Artest's penalty was the most severe because of his checkered history. Artest being provoked into running into the stands by a fan who threw a drink did not appear to be a mitigating factor in Stern's decision.
"It was unanimous, one to nothing," Stern said. "I did not strike from my mind the fact that Ron Artest had been suspended on previous conditions for loss of self-control."
The Pacers will be able to place Artest, O'Neal and Jackson on the suspended list and sign players to take their place. Limited to just six players Saturday, Indiana dropped an 86-83 decision to Orlando.
Billups, Coleman and Campbell served their suspensions Sunday. Wallace will be eligible to return Dec. 3 against San Antonio.
Stern took the unusual step of calling a news conference at Madison Square Garden prior to the Knicks-Cavaliers game to announce the suspensions, commenting that Friday night's fracas represented "the worst" of the 20,000 to 25,000 games he has presided over in his more than two decades as commissioner.
SI.com's Marty Burns
As expected, David Stern came down hard on the principals in Friday's Pacers-Pistons brawl. Now the Commish better be prepared for a fight of his own. The Pacers and the players union, in particular, are likely to howl over this decision. The Pacers will say they're being made scapegoats. The players union will file appeals. Both sides will claim the NBA is putting PR over true justiceSI.com's Phil Taylor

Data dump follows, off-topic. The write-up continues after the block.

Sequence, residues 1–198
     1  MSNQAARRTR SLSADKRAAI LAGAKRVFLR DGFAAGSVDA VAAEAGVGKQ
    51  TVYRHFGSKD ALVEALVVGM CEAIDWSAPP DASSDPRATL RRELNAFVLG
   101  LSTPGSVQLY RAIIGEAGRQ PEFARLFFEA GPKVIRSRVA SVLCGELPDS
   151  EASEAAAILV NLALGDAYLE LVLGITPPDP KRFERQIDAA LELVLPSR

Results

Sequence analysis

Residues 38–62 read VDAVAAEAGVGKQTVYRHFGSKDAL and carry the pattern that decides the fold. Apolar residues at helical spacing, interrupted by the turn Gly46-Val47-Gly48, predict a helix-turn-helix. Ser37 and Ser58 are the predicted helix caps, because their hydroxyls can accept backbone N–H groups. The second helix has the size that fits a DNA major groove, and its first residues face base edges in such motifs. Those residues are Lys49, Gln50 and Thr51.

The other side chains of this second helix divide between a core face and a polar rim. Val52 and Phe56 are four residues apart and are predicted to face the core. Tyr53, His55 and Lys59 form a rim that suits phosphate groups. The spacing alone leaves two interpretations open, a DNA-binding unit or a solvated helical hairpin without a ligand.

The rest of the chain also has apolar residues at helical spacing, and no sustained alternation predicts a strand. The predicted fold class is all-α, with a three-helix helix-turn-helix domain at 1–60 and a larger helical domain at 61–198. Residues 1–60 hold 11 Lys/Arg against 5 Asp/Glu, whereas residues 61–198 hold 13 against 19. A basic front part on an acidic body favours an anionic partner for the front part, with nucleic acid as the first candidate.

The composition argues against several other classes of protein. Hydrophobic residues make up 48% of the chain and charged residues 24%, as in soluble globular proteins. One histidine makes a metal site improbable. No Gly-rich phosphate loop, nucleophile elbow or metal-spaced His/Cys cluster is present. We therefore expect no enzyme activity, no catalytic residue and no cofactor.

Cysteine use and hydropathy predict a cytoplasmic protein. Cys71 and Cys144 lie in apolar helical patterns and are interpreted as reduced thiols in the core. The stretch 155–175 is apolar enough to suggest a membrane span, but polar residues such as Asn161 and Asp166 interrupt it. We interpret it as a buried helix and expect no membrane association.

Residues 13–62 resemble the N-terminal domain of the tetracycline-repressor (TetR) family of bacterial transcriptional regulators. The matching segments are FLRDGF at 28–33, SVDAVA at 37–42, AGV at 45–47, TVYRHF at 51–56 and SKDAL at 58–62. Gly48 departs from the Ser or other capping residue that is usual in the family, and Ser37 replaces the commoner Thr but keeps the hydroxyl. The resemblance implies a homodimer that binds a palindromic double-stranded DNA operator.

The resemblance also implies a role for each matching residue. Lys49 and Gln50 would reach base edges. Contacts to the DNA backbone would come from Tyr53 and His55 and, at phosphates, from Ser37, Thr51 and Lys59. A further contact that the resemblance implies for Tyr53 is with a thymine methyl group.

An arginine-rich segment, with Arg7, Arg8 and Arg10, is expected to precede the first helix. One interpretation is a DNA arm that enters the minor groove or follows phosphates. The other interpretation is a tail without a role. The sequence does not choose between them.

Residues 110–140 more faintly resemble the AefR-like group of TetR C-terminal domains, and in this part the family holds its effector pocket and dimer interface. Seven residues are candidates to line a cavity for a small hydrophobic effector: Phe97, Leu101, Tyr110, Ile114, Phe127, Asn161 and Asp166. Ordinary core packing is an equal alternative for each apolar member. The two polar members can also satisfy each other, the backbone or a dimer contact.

David Stern's decision to take away the rest of Ron Artest's season might be a little extreme, but Artest will find no sympathy here. Artest has made a career of going to extremes, and he deserves a taste of his own medicine. Stern could have sent the necessary anti-violence message by suspending Artest for 30 or 40 games instead of the entire year. That certainly would have been enough to make players think twice in the future before going into the stands. But by dropping the hammer he has told Artest, and any other player who might be inclined to imitate his trouble-making act, that his instigating, antagonistic, hot-tempered ways will not be tolerated.Artest surely had no idea that his hard foul on Ben Wallace would lead to the worst brawl in NBA history, but that's just the point. His constant attempts to stir up trouble on the court can lead to unintended consequences, and it's about time he suffered some of them. Stern may have had a second, more pragmatic purpose in handing down such harsh penalties -- it gives him a cushion once the NBA Players Association launches its inevitable challenge to the suspensions. Even if the union succeeds in getting an arbitrator to whittle the number of games down a bit, Artest, Stephen Jackson and Jermaine O'Neal will still serve a sufficiently stiff and justified penalty.The union will probably adopt the argument that has already been put forth in some quarters that Artest was just defending himself, which is nonsense. He wasn't fending off some imminent danger, he was ticked off because someone had doused him with a drink. Artest didn't go into the stands for self-defense, he went in for retaliation. There?s a huge difference. Artest will have plenty of time to think about that difference over the next several months. By the time he comes back the NBA will undoubtedly have enacted several measures to make sure the ugliness of last Friday won't be repeated. But the league took the first, most important step with Stern's bold move. Removing Ron Artest from the league automatically makes it a safer place.